How is EoE Diagnosed? If you have symptoms of EoE, your doctor will order a procedure called an endoscopy (EGD). An EGD is required to confirm the diagnosis and is performed by a specialist called a gastroenterologist.  Patients are sedated for this procedure and a small flexible tube with a light and camera on the tip is inserted into the patient’s mouth. During the endoscopy, several biopsies of the esophagus will be taken and sent to the laboratory for analysis under a high-power microscope. EoE is confirmed when 15 or more eosinophils per high-power field are found (≥15 Eos/hpf).

How is EoE Treated? Many patients with EoE are initially treated for GERD using a medication called a proton pump inhibitor (PPI). However, most EoE patients do no respond to anti-GERD treatment. Treatment with PPIs is given for a minimum of 8 weeks followed by a repeat EGD and biopsy. If the eosinophil count remains elevated (≥15/hpf), the diagnosis of EoE is confirmed and a different treatment is given.

Patients with EoE are often referred to an allergy specialist for evaluation. Allergy testing can be done to identify which foods are triggering the EoE.

Treatment for EoE usually includes dietary management and/or medication, or treatment on a clinical trial.

  • Dietary treatment options include:

EOE Treatment Options

  • Corticosteroids is the type of medication commonly used to treat EoE. This is often in the form of an asthma inhaler, or a nebulizer solution that patients are instructed to swallow (instead of inhaling)

EOE Commonly used Corticosteroids

  • Treatment on a Clinical Trial – currently there are no medications approved by the Food and Drug Administration (FDA) for the treatment of EoE. Clinical trials are currently underway to test new and innovative therapies to manage this disease. All clinical trials are published on-line at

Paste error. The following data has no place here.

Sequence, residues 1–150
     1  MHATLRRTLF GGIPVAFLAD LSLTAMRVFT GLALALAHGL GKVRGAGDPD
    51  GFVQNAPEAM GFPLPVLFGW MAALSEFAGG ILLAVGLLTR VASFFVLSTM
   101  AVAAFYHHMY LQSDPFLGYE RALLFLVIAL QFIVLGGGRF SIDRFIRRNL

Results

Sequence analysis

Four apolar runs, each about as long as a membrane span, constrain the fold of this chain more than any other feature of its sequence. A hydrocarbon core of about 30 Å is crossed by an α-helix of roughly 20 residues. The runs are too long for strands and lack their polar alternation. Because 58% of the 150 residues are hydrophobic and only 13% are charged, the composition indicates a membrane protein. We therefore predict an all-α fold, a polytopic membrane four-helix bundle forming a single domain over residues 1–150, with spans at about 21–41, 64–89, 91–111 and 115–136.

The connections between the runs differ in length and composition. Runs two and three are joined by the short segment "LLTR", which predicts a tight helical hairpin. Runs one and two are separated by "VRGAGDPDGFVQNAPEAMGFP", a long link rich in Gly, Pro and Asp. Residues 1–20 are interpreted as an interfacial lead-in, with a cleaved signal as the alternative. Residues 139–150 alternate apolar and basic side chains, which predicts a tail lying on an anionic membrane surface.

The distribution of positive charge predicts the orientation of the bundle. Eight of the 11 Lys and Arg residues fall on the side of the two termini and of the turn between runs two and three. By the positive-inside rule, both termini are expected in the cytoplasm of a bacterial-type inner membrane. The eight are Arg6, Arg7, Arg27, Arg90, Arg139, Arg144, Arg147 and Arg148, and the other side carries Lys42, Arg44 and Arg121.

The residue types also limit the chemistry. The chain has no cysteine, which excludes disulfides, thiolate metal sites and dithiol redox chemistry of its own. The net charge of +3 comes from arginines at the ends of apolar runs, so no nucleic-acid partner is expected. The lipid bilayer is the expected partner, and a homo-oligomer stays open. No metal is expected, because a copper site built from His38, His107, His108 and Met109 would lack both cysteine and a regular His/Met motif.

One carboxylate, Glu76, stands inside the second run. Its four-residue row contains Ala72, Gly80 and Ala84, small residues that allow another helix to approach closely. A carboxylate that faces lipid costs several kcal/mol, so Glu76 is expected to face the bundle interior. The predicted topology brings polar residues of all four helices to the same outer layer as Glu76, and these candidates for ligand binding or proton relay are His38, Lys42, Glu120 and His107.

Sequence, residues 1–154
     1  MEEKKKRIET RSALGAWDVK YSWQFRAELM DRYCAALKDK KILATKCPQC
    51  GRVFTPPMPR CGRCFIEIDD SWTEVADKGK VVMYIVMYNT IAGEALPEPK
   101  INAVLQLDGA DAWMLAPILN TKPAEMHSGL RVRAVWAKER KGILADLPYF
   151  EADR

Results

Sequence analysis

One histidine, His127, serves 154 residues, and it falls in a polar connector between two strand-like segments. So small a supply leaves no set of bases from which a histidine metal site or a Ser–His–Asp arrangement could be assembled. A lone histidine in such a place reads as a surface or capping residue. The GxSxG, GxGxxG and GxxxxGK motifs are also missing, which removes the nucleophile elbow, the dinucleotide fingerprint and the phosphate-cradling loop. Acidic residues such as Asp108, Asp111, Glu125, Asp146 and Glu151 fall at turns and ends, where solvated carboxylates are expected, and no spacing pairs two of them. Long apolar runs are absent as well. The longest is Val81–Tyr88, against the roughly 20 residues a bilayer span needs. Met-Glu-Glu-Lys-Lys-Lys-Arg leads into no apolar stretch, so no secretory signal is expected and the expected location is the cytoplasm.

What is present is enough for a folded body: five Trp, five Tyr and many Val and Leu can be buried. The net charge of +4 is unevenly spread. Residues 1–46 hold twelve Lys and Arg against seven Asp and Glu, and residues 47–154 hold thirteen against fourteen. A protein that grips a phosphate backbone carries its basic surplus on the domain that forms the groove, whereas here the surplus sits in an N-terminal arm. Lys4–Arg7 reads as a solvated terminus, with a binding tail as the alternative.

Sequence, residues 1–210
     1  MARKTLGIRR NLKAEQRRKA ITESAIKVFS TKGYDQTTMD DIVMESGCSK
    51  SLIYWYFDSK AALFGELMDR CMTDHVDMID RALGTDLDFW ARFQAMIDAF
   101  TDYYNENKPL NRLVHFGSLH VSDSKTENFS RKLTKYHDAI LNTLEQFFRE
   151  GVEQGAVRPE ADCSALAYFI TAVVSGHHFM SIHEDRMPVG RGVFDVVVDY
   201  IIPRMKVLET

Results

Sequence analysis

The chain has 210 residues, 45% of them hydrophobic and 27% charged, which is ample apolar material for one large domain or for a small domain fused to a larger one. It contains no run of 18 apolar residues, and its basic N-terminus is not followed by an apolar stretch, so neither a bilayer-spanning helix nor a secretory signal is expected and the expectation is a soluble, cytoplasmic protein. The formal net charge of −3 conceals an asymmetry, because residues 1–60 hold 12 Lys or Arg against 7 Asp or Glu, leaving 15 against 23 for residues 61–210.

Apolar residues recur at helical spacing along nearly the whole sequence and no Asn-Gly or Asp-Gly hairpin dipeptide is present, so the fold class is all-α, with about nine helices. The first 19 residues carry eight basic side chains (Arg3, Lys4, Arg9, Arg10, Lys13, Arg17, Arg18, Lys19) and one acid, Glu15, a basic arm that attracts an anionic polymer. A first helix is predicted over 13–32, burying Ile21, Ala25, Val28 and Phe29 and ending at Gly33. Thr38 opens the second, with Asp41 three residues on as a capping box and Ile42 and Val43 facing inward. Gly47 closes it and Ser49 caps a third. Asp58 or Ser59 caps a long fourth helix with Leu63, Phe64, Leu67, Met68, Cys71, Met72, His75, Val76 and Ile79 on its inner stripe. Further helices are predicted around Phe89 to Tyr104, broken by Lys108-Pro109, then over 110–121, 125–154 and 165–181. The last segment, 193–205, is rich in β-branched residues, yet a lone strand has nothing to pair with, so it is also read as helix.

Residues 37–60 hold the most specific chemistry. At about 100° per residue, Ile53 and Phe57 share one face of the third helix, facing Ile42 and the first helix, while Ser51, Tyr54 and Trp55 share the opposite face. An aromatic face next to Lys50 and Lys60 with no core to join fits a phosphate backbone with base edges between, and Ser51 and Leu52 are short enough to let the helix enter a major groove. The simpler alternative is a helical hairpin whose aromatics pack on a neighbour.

If you have symptoms of EoE, it is important that you seek medical care and discuss your symptoms with your doctor.

You can also learn more about EoE from advocacy organizations such as Apfed (, or by joining an on-line patient communities such as Healtheo360 (

Research is currently being conducted around the United States for this condition. Here at ENCORE Research Group we have 3 research sites with a new opportunity for people who have Eosinophilic Esophagitis. If you’re interested in learning more about this research, please contact your local research office below!



ENCORE Borland Groover Clinical Research


Fleming Island

Fleming Island Center for Clinical Research



Nature Coast Clinical Research


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As a proven clinical research organization, we take every precaution to ensure the safety of and maximize the value for our research volunteers. Qualified doctors, nurses and study coordinators on staff provide support and care throughout the research trial. Participation is always voluntary. We appreciate the time and effort that research volunteers bring to this important process.